Scientists at the Centers for Disease Control and Prevention (CDC) have concluded, after careful review of existing evidence, that Zika virus is a cause of microcephaly and other severe fetal brain defects. In the report published in the New England Journal of Medicine, the CDC authors describe a rigorous weighing of evidence using established scientific criteria.
Zika virus disease is spread to people primarily through the bite of an infected Aedes species mosquitoes. It can also be spread from mother to child, through sexual contact and through blood transfusion. There is an abundance of helpful up to date information about Zika on the CDC website.
Some infected people will get symptoms (fever, rash, joint pain, or red eyes) for up to a week but most people won’t even know they are infected. Estimates are that 4 out of 5 persons infected will not show symptoms, although they will be infectious and can carry the disease to other areas that have Aedes mosquitoes or transmit it to others through sexual contact or blood transfusion.
Public health authorities throughout the region have begun reporting travel related (individuals who traveled to known area with Zika) as well as locally acquired cases of Zika (no travel to infected areas). The graphic below displays the countries that have reported cases of Zika.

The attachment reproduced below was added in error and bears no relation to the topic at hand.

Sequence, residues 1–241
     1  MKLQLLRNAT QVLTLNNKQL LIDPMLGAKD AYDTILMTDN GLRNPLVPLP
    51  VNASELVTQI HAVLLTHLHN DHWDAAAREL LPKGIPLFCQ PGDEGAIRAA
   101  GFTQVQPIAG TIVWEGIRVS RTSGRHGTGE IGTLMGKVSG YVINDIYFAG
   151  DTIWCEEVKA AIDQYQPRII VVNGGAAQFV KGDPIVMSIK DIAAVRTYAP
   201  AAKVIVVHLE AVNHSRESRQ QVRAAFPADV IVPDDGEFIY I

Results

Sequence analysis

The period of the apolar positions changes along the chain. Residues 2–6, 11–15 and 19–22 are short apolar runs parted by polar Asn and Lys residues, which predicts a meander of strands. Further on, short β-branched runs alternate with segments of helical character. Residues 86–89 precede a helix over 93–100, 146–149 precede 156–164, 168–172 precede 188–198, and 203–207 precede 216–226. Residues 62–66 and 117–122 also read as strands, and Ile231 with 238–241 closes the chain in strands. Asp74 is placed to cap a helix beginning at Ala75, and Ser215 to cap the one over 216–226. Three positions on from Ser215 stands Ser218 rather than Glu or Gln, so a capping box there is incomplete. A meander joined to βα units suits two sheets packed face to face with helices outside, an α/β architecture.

However, it is known that some countries in the region lack the public health infrastructure to conduct or fund testing, or may not submit results to CDC/WHO. It is wise to consider every country that has Aedes mosquitoes as having Zika infected mosquitoes.
The Zika virus can also be spread during sex by a man infected with Zika to his partners. In known cases of sexual transmission, the men had Zika symptoms. From these cases, CDC determined that the virus can be spread when the man has symptoms, before symptoms start, and after symptoms end. The virus can stay in semen longer than in blood. There are many important unanswered questions about the sexual transmission of Zika, presented on the CDC website.
For further information about Zika transmission and blood transfusion see: http://www.cdc.gov/zika/transmission/blood-transfusion.html
There is no vaccine or medicine for Zika. Everyone in the region should take mosquito bite prevention actions, presented by the CDC.
Those who are pregnant, become pregnant, or are planning to become pregnant, should exercise special caution. Important information for this group is available on the CDC site.
Given the patterns exhibited by similar viruses (dengue and chikungunya), there is concern that US states will begin to show locally acquired cases of Zika as spring/summer temps allow mosquito populations to expand.
Those in the region who are planning to travel to areas that have Aedes mosquitoes, or who have guests who will do so, should take care to understand the best available information on Zika.Follow Us Share